Just a side note: I don’t get paid by Donahue’s to write blog posts — I just like their stuff.




A Sea of Geraniums and Other Sights at Donahue's

img_4820This weekend is one of the biggest plant shopping weekends of the year and the folks at Donahue’s in Faribault are certainly ready for it. I visited Donahue’s earlier this week for a behind the scenes tour with Mary McIntyre Donahue, one of seven (or is it eight?) Donahue relatives currently involved in the massive greenhouse and clematis operation, about 10 blocks south of downtown Faribault. The family has another growing range and greenhouse complex near Montgomery, Minn., as well. I was tagging along with Rose Eggert, CEO of the Minnesota State Horticulture Society, and Tom McKusick, Northern Gardener publisher.

The photo at left is of one of the geranimum areas at the greenhouse and retail operation. In a few weeks, these will all be gone — gracing porches, decks and patios all over Minnesota. Of course, Donahue’s is known nationally for its clematis. These climbers are tricky to propagate but the Donahues have figured a way to get more of the cuttings to take. Their catalog includes dozens of varieties. The key with clematis is to keep their heads in the sun and their roots in the shade. Clematis need five to six hours of sun per day, but they like cool, damp soil for their roots. Donahue’s suggests planting annuals around them or a low-growing shrub nearby. Clematis also need support to climb and a litle patience from the gardener. It takes a few years to get a clematis to full size with lots of bloom. Finally, Mary settled that age-old argument: clem-at-us or cle-muh-tus. It’s the second one.

Thanks, Mary!
Thanks, Mary!

Naturally, three plant nerds could not leave the store without doing a little shopping. I took home some Supertunia petunias (Vista Bubblegum — a great variety), Sutera ‘Giant Snowflake’ for a trailer in my containers and a ‘Bee’s Jubilee’ clematis for the pergola in my backyard. This clematis is a bi-color with streaks of pinks and white and is said to attract bees.

Inside Look at Knecht's

Northern Gardener’s publisher, Tom McKusick, visited Northfield and Faribault last week, as part of his efforts to stay in touch with nursery and garden center owners around the Midwest. I joined Tom for a tour of Leif Knecht’s nursery. Leif’s a life-long Northfielder, graduate of St. Olaf College and self-taught plantsman, and he really knows his trees. We talked at length about the new disease resistant elm varieties, several of which Leif carries in the nursery and grows in his tree-growing ranges around the area. One of the big advantages for home gardeners of purchasing trees from a local nursery is that you can buy trees that have been grown in your climate. If it’s a good sized tree–and if you can afford it, I say plant ’em big–you know it has survived several winters in your area.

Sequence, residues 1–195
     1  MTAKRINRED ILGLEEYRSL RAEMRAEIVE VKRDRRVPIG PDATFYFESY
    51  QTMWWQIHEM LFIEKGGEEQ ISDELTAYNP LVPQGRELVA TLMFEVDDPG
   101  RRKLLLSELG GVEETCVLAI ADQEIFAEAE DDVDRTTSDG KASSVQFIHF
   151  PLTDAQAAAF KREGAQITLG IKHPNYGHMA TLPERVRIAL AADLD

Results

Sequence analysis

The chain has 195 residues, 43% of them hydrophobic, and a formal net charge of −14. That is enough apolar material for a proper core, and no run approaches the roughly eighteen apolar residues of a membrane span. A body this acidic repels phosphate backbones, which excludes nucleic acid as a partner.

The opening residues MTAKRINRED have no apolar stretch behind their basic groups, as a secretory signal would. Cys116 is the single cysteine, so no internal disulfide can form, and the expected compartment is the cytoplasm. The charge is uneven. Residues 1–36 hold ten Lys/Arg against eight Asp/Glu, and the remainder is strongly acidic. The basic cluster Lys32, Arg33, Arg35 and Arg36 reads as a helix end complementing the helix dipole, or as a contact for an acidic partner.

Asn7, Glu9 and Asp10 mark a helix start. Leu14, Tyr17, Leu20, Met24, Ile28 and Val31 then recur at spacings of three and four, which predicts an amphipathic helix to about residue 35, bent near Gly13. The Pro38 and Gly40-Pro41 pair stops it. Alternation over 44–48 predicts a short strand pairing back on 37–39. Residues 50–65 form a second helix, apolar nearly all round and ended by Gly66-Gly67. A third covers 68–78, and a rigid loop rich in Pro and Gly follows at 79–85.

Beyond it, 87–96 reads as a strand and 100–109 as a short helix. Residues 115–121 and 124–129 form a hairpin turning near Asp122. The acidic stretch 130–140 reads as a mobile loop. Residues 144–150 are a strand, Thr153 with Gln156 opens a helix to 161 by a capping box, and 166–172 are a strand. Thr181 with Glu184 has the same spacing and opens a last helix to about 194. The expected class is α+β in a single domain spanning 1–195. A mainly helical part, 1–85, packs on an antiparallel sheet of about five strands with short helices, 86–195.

Leif and his crew also maintain display gardens on the nursery site, which helps buyers see how perennials, shrubs and trees can work together to create a landscape. They have a good-sized collection of hostas, too. After the tour, Tom and I grabbed lunch at Hogan Bros. before he headed off to Faribault to visit Donahue’s.

Summer Visit to Squire House Gardens

Yesterday, I took a side trip on my way home from the Twin Cities to Afton, Minnesota, to visit Squire House Gardens, a garden center specializing in unusual plants and accessories for home and garden. I visited the store last December to talk with co-owner Martin Stern and designer Kathy Oss about creating holiday pots. The garden was lovely then, under a coating of new snow, but it’s even more impressive in summer.

Martin, who designs and maintains the gardens with his partner, Richard Meacock, and a small crew of gardeners, describes his style as “English, but not formal.” The paths in the garden intersect at right angles, but each bed is less formally planted with perennials, annuals and shrubs that bloom in sequence. The peonies and iris are done for the year, but a few lilies were beginning to bloom. In another week or two, the garden will be filled with blooms, according to Martin, with more bursts of bloom in late summer and fall. Martin uses art and pots to create focal points. (I loved this statue and bench.) Martin will be sharing design advice in an upcoming issue of Northern Gardener.

If you are planning a short, scenic drive over the next few weeks, Afton’s a great place to visit. (They are having a Fourth of July celebration and parade.) My daughter, who was with me on the trip, enjoyed an iced tea in the local coffee shop, the Afton Bean while I visited the garden.